You are not currently logged in.
Access JSTOR through your library or other institution:
If You Use a Screen ReaderThis content is available through Read Online (Free) program, which relies on page scans. Since scans are not currently available to screen readers, please contact JSTOR User Support for access. We'll provide a PDF copy for your screen reader.
A Biochemical Property Relating to Power Seeking in Humans
The American Political Science Review
Vol. 79, No. 2 (Jun., 1985), pp. 448-457
Published by: American Political Science Association
Stable URL: http://www.jstor.org/stable/1956659
Page Count: 10
You can always find the topics here!Topics: Political power, Political science, Questionnaires, Biochemistry, Blood, Humans, Behavior patterns, Social psychology, Anxiety, Natural resources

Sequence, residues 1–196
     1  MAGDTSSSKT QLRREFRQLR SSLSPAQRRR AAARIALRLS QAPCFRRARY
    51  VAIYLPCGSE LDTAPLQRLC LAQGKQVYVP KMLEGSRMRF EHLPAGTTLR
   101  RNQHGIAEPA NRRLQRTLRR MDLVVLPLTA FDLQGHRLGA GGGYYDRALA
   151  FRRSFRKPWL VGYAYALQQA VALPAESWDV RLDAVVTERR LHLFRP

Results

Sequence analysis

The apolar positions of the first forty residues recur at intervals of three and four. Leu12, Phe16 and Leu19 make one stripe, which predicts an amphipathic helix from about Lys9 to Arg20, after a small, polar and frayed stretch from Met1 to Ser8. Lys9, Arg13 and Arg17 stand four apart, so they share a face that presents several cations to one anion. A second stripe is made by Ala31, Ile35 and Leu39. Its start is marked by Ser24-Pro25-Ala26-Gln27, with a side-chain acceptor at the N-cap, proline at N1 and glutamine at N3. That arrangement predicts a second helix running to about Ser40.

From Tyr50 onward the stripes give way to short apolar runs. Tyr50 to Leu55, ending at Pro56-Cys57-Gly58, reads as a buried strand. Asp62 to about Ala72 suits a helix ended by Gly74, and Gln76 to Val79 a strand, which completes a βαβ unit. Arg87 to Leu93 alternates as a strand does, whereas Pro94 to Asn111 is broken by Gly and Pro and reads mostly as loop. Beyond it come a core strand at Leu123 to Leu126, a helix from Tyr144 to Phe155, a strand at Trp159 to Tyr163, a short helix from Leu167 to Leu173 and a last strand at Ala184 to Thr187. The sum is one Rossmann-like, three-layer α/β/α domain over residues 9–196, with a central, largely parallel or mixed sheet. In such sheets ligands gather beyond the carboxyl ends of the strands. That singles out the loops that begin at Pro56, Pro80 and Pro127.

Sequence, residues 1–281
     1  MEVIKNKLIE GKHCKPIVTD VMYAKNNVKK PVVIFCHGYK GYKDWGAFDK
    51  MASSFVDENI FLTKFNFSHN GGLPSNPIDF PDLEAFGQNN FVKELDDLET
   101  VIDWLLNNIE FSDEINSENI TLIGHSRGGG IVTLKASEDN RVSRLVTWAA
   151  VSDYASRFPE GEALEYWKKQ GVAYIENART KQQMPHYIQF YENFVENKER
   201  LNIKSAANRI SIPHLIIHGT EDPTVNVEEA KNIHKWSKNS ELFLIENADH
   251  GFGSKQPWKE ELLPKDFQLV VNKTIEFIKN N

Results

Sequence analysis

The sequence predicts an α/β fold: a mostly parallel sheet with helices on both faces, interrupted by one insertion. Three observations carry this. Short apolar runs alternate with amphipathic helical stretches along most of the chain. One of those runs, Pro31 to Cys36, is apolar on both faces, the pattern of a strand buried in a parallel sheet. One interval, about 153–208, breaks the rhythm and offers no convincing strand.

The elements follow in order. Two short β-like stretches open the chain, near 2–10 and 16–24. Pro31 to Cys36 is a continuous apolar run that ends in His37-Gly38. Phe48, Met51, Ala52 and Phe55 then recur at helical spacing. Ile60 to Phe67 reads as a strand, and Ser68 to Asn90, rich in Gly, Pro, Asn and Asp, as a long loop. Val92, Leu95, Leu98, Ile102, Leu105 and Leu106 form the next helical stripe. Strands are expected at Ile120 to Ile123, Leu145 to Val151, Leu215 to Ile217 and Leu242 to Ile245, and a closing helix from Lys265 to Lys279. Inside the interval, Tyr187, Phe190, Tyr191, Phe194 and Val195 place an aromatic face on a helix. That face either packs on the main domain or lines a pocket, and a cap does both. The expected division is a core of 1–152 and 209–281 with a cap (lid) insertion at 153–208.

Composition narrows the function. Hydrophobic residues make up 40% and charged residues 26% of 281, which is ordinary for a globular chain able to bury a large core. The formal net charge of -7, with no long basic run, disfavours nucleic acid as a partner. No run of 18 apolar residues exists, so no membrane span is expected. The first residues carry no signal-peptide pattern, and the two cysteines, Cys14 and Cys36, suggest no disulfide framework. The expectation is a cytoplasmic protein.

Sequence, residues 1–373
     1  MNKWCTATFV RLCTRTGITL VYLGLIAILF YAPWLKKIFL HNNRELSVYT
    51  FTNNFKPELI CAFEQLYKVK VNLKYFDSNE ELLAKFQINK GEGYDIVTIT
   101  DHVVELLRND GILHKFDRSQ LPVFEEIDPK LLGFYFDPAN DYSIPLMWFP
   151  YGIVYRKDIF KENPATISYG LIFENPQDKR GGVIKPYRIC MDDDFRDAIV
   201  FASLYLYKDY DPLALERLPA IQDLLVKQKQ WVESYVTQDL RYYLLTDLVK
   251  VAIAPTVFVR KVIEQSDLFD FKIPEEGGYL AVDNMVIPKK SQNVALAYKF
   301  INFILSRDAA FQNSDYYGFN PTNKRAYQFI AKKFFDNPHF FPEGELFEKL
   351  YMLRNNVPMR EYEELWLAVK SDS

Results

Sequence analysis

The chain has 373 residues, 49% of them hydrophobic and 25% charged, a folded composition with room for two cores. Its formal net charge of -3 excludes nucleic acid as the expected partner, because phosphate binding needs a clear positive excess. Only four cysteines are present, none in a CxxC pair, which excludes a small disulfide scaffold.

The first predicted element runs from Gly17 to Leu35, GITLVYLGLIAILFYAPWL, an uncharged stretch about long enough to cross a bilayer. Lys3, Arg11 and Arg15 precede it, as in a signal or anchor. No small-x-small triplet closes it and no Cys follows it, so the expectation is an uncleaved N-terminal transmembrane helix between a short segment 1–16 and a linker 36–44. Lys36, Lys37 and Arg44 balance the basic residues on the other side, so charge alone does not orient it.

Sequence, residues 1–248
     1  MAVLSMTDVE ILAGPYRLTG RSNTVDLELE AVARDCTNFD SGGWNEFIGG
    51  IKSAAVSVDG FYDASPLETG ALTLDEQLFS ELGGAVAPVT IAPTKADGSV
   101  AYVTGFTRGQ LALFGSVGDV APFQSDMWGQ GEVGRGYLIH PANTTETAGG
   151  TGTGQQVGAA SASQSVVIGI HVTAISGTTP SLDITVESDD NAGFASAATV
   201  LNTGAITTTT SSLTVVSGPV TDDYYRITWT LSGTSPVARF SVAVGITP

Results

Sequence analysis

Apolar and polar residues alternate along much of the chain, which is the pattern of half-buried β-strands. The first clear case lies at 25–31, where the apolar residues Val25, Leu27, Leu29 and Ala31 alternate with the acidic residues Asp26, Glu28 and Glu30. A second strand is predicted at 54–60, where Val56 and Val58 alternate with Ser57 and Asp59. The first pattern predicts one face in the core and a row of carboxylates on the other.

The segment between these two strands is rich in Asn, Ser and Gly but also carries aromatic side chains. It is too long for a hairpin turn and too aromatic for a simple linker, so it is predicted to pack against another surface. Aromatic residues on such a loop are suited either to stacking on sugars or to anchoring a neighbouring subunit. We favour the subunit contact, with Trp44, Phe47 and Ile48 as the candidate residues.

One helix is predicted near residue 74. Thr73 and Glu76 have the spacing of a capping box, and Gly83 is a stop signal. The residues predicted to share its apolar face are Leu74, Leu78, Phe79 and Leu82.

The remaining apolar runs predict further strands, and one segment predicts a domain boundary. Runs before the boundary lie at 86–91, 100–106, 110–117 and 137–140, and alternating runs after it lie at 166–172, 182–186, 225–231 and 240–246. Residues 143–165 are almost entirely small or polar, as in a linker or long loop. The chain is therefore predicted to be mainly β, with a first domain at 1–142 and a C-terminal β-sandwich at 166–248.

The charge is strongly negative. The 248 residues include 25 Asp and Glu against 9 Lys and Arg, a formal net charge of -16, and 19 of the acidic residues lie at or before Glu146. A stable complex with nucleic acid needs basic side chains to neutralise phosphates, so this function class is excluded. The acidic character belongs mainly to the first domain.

Were these topics helpful?See somethings inaccurate? Let us know!
Select the topics that are inaccurate.
Since scans are not currently available to screen readers, please contact JSTOR User Support for access. We'll provide a PDF copy for your screen reader.
Preview not available
The disposition to seek power in a social arena is tied in this research to a biochemical marker, whole blood serotonin. This finding constitutes the first systematic evidence of any biochemical property in humans which differentiates power seekers from others. The disposition itself is given empirical content with the use of measures of three components of the Type A behavior pattern--aggressiveness, competitiveness, and drive--and of distrust and self-confidence. The statistical fit with serotonin is very good. This discovery echoes similar findings in a species of subhuman primates.
The American Political Science Review © 1985 American Political Science Association